Maria Maddalena de’Pazzi: the Making of a Counter-Reformation Saint by Clare Copeland (Oxford, £55). When it comes to early modern Carmelite nuns, Teresa of Avila tends, quite rightly, to secure most of the headlines. We should not forget Pazzi, however. Clare Copeland’s meticulously researched volume explores Pazzi’s remarkable spiritual odyssey, takes us inside Florentine convent culture and traces how Pazzi’s legacy was curated. A treat for students of the spiritual tradition within the Counter-Reformation Church and of great interest to anyone curious about how Catholicism has regarded saintliness through the ages. 

Liberal Learning as a Quest for Purpose by William Sullivan (Oxford, £22.99). Over more than a decade, funds from the Lilly Endowment were given to 88 US universities to establish programmes that cultivated students’ sense of vocation and self-identity. The basic issue of education’s purpose was explored through conversation and a wide range of pedagogic initiatives. In a world where college is frequently seen as the route to a better job, the results of this creative experiment provide a template for any institution that seeks to turn out reflective and committed citizens.

Morning Homilies III by Pope Francis (Orbis/Alban, £11.99). These homilies, addressed to his fellow residents at the Domus Sanctae Marthae in Rome from February 3 to June 30, 2014, show Pope Francis at his most spontaneous and pastoral. Whether he is discussing freedom from idolatry, holy patience, the meaning of faith, modern martyrdom or many other subjects, the Holy Father is always clear, frank and personal in his approach. Each homily is short, pithy and worthy of reflection. The book would be an excellent present for a friend outside the Church searching for meaning and guidance in life.

God So Loved the World by Robert Spitzer SJ (Ignatius Press, £16). In this volume Fr Spitzer reflects on “the clues to our transcendent destiny from the revelation of Jesus”. Focusing on the person of Jesus, the author emphasises his divine qualities: his forgiveness of sinners, the beauty of his teachings, his extraordinary miracles, concluding with his Resurrection and his gift of the Holy Spirit. In a fascinating appendix, Spitzer examines the history of the Holy Shroud, concluding that although this famous relic is not essential to faith in Jesus’s death and Resurrection, the arguments for its authenticity are compelling.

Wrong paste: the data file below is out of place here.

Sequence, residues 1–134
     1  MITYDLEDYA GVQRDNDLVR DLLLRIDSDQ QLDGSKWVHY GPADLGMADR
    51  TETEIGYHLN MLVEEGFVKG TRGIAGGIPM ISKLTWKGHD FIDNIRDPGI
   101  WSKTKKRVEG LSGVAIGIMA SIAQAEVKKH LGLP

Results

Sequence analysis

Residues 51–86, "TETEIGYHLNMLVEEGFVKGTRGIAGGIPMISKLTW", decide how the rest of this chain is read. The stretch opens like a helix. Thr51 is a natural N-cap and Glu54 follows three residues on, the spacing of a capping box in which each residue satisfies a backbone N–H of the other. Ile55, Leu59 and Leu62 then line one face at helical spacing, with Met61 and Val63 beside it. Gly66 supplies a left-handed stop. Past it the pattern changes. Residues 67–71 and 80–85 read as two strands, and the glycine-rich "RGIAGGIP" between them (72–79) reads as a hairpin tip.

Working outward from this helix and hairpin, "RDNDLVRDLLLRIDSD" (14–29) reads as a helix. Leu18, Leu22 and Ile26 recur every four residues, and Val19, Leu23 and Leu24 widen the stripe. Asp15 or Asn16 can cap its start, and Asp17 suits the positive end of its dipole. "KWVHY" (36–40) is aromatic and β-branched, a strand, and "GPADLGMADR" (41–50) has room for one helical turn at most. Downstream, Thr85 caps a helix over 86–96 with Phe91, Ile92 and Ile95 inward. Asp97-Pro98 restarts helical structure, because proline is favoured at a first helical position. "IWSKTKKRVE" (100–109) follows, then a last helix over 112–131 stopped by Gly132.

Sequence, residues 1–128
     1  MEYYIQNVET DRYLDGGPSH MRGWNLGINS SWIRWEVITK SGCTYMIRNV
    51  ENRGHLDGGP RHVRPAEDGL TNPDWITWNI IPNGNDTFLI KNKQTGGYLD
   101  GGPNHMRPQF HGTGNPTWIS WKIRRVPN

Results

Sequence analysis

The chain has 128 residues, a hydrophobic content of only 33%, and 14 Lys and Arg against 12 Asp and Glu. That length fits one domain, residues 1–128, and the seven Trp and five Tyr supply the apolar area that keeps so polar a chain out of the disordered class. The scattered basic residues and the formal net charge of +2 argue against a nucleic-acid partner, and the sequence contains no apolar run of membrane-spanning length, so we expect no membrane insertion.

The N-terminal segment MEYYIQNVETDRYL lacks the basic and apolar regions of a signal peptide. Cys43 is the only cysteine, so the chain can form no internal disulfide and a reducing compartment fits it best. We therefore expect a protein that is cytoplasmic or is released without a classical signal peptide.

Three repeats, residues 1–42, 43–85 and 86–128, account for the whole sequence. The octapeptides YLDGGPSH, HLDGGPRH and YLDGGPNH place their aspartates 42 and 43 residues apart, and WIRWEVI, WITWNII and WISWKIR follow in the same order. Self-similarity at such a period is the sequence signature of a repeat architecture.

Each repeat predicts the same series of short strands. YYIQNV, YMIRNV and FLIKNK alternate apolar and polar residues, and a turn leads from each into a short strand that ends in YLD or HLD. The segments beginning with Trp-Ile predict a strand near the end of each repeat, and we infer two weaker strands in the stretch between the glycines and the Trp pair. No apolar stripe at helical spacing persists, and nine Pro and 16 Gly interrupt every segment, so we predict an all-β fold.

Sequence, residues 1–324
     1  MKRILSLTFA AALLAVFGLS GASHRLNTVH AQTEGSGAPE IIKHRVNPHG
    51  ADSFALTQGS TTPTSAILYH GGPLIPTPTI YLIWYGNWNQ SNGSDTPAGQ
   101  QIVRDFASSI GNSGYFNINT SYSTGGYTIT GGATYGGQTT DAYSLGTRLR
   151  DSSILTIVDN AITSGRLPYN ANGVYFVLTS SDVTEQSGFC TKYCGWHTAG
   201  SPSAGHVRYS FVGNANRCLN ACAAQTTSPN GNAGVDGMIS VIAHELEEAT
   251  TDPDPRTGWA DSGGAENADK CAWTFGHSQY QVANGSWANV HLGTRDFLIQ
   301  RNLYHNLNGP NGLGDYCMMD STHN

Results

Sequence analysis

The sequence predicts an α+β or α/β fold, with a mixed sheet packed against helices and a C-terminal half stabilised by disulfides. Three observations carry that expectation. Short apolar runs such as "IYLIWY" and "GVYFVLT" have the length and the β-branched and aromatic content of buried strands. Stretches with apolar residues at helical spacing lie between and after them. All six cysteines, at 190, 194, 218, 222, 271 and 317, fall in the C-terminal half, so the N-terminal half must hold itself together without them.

Thin Air by Michelle Paver (Orion, £9.99). After the success of Dark Matter, Paver has stuck to the same formula with her latest ghost story. This one takes place on Kangchenjunga, the third-highest mountain in the world. It’s 1935 and five plucky Brits are attempting to succeed where plenty of others have failed by reaching its summit. All does not go according to plan thanks to hazardous terrain, inclement weather and the appearance of a rather unfriendly ghoul. Paver constructs her narrative expertly. The human drama is engaging, while the scares are unfurled slowly but surely, to chilling effect.

​How to continue reading…

This article appears in the Catholic Herald magazine - to read it in full subscribe to our digital edition from just 30p a week

The Catholic Herald is your essential weekly guide to the Catholic world; latest news, incisive opinion, expert analysis and spiritual reflection